Whether you solve a complex mathematical equation or draw a cat's picture, you use different parts of your brain at the same time. It's never like all parts of your brain lie there lazily while the one part of it does the labour.
Take the example of Albert Einstein. Oh, he's a physicist; and a famous one; and a Nobel-prize winning physicist, too. You might also have heard that after he died his brain was preserved for scientific research. He was that brilliant!
However mathematically brilliant he was, he loved playing his violin. What's surprising is that he used his habit of playing music to do amazing things in physics. His wife once reported that whenever Einstein was stuck in his work with physics, he used to play music for hours without end until he finds the answers.
Albert Einstein himself once said,
“‘If… I were not a physicist, I would probably be a musician. I often think in music. I live my daydreams in music. I see my life in terms of music. I cannot tell if I would have done any creative work of importance in music, but I do know that I get most joy in life out of my violin.'”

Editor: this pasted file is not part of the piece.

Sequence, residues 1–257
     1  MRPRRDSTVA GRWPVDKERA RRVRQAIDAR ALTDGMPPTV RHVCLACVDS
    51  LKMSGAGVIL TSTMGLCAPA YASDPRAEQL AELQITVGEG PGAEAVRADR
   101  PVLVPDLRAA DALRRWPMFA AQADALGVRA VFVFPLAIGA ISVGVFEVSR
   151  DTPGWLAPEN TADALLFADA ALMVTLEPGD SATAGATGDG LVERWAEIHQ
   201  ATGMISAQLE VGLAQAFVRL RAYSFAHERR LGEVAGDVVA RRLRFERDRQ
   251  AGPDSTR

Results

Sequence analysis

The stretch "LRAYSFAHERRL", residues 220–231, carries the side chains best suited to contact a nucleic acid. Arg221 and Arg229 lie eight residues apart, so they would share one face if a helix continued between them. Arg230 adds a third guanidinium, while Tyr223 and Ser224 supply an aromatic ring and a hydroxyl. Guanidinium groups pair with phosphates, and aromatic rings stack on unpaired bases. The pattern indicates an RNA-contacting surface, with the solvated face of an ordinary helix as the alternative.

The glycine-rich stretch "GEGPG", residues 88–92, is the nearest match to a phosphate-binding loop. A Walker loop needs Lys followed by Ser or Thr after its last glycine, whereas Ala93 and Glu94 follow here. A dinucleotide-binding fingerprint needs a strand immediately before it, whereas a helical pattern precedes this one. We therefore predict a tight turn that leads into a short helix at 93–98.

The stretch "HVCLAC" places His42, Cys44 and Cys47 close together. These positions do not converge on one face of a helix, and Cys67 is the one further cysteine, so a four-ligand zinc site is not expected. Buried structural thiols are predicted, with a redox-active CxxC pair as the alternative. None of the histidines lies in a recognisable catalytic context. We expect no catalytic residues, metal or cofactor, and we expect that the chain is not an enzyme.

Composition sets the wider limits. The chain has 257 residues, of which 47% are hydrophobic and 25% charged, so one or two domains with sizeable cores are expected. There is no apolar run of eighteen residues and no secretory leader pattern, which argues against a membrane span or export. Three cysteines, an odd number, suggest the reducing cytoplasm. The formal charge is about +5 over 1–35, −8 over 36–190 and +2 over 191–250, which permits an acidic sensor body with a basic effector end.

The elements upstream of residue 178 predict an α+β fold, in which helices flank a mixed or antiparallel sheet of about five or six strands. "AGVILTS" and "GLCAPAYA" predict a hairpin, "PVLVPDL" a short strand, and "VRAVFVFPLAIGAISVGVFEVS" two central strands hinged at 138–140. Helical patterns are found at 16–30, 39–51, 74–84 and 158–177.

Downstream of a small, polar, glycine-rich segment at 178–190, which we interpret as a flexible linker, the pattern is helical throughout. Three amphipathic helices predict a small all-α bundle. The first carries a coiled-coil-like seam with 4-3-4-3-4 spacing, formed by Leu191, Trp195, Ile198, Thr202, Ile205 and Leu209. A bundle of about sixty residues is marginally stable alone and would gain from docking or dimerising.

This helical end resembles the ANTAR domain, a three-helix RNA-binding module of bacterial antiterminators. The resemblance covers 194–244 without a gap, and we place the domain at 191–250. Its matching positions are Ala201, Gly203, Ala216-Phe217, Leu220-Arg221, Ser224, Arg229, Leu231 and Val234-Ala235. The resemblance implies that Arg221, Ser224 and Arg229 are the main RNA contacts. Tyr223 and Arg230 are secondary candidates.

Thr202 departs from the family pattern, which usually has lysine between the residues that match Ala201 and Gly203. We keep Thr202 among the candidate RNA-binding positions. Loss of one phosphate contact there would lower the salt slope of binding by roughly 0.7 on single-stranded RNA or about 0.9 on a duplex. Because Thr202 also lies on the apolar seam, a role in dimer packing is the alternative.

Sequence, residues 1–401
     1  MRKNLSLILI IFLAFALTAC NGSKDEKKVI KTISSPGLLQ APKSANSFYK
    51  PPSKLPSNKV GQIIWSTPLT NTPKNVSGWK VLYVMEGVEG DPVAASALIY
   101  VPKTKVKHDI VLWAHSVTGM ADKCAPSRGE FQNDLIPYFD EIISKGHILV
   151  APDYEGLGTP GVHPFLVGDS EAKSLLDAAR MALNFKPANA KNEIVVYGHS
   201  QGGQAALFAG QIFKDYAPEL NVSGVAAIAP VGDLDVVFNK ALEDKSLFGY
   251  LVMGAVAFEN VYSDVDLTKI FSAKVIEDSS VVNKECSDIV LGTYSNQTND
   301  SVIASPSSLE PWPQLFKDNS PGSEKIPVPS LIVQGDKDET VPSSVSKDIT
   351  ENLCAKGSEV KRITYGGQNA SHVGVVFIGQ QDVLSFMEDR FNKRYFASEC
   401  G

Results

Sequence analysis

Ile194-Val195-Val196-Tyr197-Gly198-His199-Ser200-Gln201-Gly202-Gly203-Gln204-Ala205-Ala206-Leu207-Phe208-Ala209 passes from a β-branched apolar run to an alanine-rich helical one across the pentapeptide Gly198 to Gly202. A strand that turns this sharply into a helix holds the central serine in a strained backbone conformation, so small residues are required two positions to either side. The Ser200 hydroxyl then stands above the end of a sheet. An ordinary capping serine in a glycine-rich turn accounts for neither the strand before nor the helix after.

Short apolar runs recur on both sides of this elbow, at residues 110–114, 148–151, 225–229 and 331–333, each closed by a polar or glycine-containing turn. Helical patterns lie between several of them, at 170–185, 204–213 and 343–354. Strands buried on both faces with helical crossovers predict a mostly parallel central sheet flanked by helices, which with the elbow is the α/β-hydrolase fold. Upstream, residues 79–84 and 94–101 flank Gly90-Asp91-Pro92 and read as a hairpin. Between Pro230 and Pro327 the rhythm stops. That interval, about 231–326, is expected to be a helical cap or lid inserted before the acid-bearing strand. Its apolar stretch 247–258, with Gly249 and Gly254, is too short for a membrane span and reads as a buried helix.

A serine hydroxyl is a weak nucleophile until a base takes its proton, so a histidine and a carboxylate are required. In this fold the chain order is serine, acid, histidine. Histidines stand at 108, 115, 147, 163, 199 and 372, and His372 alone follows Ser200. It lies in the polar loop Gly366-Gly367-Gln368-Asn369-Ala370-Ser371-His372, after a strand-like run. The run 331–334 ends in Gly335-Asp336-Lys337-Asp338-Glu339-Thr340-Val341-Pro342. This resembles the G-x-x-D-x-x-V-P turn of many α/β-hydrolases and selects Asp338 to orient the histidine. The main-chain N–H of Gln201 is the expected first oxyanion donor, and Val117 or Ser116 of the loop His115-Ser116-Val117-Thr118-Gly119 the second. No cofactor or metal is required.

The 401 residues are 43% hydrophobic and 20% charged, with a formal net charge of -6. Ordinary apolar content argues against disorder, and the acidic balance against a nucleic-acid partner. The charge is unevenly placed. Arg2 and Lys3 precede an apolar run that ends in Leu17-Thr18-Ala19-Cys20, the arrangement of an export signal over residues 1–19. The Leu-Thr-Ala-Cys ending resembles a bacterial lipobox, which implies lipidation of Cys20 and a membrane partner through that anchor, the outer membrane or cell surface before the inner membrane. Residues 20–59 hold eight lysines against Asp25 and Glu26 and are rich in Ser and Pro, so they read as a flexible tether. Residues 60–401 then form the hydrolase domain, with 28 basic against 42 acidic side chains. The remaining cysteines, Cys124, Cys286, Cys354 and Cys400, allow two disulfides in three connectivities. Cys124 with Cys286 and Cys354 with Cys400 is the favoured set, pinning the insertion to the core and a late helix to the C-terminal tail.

He leveraged his creatively dominant part of the brain to do logically tough problems. Maybe he didn't know how he was doing it, but he was working for him.
All our brain parts work together in perfect harmony.
No matter how simple or complex the task is, you use all of your brains to do it. However, in that case, some brain parts may be more activated than others. Plus, when you can find the harmony between all the parts of your brain, your potential for creativity explodes.
The punchline is that your brain has the ability to evolve and work in coordination with other brain parts dynamically. Just find out what's your best way to use that power and never let anyone limit your intelligence because of your sex, nationality, or any such pointless reasons.
This is going to be short and sweet. The third feature of human intelligence is that it is distinctive to each person. As distinctive as a fingerprint.